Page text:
Nancy Reading

+ Follow
since Nov 12, 2020
Nancy likes ...
transportation dog forest garden foraging trees books food preservation woodworking wood heat rocket stoves ungarbage
Merit badge: bb list bbv list
Forum Moderator
Nancy Reading currently moderates these forums:
A graduate scientist turned automotive engineer, currently running a small shop and growing plants on Skye: turning a sheep field into a food forest.
For More
Isle of Skye, Scotland
Apples and Likes
Total received
In last 30 days
Total given
Total received
Received in last 30 days
Total given
Given in last 30 days
Forums and Threads
Scavenger Hunt
expand Pollinator Scavenger Hunt
expand Pioneer Scavenger Hunt Green check
expand First Scavenger Hunt Green check

Recent posts by Nancy Reading

It looks like you push something flat in the side where the width adjuster is - there is a slot beside the knurled wheels opposite the crank handle. I'm thinking the central indentation in these wheels is significant, so maybe carries a thread? Does the long threaded spindle hold a spool? It doesn't look like there is the space for it, and why would it be threaded?

Lovely puzzle, thanks Jordan!
15 hours ago
Hi Craig, Welcome to Permies.
This thread is quite an old one, you might want to start a new thread in our jobs wanted forum or possibly in introductions - tell us what brought you to Permies and what brings you joy.
My first thoughts were subtitles, but if you can't change the video I don't think you can put these in?
1 day ago

r ranson wrote:To start with, I'm still having trouble understanding how we differentiate between a thread with a recipe in it and a recipe thread.    

There's always some grey areas in the forums... I think if it's just one recipe in a thread then it shouldn't be in a recipe forum: so if a recipe for soup was posted in a 'what to do with scrappy veg' thread then that wouldn't be in recipes just in frugailty (and zero waste maybe) but a thread on how to make vegetable soup would be a recipe thread. The problem is that we would then end up with orphan recipes dotted around the site, not in the recipe forum.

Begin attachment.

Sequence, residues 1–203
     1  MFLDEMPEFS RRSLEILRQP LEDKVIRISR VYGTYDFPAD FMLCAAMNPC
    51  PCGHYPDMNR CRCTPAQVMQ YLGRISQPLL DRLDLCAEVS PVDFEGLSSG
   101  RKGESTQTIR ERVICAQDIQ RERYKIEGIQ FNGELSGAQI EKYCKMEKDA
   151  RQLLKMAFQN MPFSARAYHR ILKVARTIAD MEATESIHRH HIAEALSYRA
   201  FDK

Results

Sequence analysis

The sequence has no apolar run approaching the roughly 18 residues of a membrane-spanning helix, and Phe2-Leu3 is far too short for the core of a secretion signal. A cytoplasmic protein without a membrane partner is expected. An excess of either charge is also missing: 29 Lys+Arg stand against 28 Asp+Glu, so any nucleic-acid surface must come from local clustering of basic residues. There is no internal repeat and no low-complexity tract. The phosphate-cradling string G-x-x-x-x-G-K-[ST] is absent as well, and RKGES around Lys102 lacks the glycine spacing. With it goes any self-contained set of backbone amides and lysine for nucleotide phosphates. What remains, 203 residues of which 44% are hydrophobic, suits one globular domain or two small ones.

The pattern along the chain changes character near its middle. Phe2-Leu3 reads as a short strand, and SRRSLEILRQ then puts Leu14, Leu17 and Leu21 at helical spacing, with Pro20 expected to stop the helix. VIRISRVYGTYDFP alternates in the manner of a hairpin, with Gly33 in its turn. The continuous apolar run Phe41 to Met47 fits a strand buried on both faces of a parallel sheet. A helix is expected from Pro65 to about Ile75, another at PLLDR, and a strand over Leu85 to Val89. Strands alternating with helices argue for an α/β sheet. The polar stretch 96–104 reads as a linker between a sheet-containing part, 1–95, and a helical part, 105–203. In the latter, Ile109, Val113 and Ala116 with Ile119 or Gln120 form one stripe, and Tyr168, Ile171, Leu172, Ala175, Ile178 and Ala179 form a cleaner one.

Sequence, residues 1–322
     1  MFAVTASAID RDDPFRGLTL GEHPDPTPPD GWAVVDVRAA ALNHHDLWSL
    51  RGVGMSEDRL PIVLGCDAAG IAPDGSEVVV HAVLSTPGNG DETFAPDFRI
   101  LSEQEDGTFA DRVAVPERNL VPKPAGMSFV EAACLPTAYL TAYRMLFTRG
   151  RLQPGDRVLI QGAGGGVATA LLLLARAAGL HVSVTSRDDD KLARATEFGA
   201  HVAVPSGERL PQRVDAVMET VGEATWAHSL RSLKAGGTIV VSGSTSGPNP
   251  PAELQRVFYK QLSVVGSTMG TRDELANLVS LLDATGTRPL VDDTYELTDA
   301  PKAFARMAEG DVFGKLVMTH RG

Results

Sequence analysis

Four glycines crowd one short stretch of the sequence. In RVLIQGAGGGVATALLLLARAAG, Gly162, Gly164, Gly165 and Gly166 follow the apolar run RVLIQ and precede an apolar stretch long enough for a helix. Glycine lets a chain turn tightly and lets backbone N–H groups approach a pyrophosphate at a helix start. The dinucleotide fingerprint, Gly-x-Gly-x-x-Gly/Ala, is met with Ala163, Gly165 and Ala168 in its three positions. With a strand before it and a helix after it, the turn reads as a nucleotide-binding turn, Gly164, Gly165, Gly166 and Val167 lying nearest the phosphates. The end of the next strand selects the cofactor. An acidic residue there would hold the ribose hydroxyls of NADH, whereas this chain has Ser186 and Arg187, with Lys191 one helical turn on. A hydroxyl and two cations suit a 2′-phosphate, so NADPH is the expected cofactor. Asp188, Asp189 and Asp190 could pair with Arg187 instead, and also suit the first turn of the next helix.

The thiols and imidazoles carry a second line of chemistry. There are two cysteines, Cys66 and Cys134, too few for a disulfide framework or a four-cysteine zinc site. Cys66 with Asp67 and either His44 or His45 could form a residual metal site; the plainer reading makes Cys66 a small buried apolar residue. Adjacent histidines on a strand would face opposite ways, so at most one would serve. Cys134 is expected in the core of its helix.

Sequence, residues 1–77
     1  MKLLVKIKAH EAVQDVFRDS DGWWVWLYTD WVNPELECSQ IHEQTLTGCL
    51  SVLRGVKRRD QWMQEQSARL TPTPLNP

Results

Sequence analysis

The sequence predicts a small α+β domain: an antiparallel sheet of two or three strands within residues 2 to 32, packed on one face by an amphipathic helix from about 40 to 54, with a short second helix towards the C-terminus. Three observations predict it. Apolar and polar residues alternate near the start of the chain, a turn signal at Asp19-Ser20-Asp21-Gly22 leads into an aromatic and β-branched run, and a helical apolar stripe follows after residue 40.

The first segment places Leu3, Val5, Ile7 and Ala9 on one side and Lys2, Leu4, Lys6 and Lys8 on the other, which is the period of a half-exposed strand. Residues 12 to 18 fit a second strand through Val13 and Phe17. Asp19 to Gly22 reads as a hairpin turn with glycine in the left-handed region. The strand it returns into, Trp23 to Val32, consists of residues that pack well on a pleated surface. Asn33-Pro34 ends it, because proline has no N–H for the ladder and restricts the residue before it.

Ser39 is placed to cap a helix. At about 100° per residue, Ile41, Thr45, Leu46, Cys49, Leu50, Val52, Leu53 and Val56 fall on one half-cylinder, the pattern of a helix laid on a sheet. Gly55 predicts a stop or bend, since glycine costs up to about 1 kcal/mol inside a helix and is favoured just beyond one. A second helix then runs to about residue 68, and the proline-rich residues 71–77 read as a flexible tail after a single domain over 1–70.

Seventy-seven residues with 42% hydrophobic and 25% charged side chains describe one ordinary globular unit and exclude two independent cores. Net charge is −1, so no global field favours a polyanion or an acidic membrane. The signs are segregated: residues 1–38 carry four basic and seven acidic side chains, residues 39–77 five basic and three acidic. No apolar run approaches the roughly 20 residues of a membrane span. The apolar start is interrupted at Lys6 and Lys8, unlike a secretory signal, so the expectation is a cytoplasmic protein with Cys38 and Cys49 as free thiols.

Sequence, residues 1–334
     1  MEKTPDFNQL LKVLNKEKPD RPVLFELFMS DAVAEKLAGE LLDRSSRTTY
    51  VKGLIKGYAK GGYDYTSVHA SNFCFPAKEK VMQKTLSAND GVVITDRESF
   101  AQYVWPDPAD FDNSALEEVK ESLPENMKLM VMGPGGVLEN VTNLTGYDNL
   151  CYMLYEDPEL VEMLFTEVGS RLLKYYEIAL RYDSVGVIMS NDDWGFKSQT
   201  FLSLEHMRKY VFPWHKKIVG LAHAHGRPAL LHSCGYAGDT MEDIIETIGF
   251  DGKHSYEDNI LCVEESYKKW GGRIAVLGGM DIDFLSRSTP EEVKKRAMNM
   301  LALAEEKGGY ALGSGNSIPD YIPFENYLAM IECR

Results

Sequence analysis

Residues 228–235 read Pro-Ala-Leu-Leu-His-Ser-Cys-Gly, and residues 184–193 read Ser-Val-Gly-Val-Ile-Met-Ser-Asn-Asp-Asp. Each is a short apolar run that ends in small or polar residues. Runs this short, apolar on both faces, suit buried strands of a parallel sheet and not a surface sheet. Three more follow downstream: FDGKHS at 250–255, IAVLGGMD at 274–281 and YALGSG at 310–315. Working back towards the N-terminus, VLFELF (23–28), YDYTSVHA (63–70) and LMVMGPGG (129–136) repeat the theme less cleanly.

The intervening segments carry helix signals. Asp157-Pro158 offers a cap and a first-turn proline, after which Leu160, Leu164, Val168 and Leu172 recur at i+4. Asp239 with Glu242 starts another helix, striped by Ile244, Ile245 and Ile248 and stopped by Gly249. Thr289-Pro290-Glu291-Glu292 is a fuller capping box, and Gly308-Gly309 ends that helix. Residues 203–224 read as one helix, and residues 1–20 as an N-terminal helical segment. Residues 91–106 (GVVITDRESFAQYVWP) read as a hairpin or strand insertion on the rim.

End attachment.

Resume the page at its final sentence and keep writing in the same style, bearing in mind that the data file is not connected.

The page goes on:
Anita Martin wrote: I don't want to be remembered as the person who always had an impeccable home.

I always had the feeling that I was living on hold and some days my "real life" would start. Now I feel I am living the real life.

Thank you Anita! No danger of the first for me and I'm pretty close to the second.

Abraham Palma wrote:

So really the problem with the maintenance stuff is that eventually it doesn't leave space for building stuff. It's like needing more room in your shelves for a shinny new book that you hate to have to leave in the ground. If you had had an empty shelve, then you could have put it in a proper place. But leaving some empty shelves requires that you do another kind of maintenance, which is 'making room' for new stuff before you need it.

This! Both in time (and stuff!): we need to recognise that we can't do everything and it's OK to let some stuff go. In my house it usually is the housekeeping that slips.....I sort of think it's not worth cleaning something we're intending to rebuild.
Welcome to Permies Allen!